When adopting a new rule, the board will typically provide notice to community members who will then have 30 days to look over the details. The board will review members’ comments and concerns before deciding whether to implement the rule.

The rules and regulations are not kept on file with the state and are therefore easier to change.

When in doubt, CC&Rs will always take precedence over rules and regulations.

HOA Dog Rules

HOAs may set a variety of rules regarding man’s best friend. Because we tend to love our dogs and treat them like family, it is beneficial to review a community’s canine laws prior to moving in.

First, there is usually a limit on the number of dogs allowed in a home. One or two may be the maximum permitted per household to keep down noise levels and waste produced.

Second, certain dog breeds may be banned. An association may prohibit pit bulls, for instance, due to their reputation for causing harm to children and other pets.

Third, an HOA may have a weight restriction for each pooch. For example, a 25-30-pound limit might be on the books for communities wanting to accommodate only smaller pets, with the hope they will be quieter and create less waste.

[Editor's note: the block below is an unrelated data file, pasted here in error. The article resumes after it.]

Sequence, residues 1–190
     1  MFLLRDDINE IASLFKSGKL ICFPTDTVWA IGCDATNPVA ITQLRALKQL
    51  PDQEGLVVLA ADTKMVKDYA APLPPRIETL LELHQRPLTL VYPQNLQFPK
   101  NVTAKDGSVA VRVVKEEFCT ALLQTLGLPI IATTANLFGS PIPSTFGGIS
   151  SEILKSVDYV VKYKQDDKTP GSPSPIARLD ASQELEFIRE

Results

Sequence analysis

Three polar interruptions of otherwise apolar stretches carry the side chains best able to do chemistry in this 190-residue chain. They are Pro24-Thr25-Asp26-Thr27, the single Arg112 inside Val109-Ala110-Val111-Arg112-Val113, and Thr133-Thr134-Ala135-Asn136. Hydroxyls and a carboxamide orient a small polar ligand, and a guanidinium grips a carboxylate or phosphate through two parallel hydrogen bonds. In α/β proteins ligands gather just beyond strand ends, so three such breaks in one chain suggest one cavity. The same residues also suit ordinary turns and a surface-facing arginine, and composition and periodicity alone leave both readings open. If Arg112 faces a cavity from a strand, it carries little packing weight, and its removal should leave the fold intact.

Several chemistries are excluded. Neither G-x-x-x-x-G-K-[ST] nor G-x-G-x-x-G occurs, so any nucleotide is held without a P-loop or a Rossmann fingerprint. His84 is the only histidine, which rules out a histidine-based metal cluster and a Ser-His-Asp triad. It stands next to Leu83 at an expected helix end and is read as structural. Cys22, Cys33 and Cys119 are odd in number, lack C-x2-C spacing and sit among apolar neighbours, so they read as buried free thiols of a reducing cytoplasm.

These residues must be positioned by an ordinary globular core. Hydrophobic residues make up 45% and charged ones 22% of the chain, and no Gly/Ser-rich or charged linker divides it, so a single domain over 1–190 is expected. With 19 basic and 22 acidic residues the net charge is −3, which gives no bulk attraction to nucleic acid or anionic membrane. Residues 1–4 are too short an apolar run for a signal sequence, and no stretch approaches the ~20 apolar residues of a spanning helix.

Additional rules may include keeping dogs on a leash while outside, cleaning up waste while walking them, and bringing a pup indoors if he is barking too long.

HOA Cat Rules

Around 30% of Americans own at least one cat. Generally quiet, well-behaved animals, felines seldom create problems compared to their canine counterparts. Therefore, fewer laws are established by homeowners’ associations pertaining to cat ownership.

If an HOA does write laws regarding cats, they may limit the number of kitties in each home. It is also possible they may require cats be on a leash when outdoors. This law may fall under an “all pets must be on a leash” rule. Communities may prefer cats be restrained on a leash, so they do not use the neighbor’s flower bed as a litter box.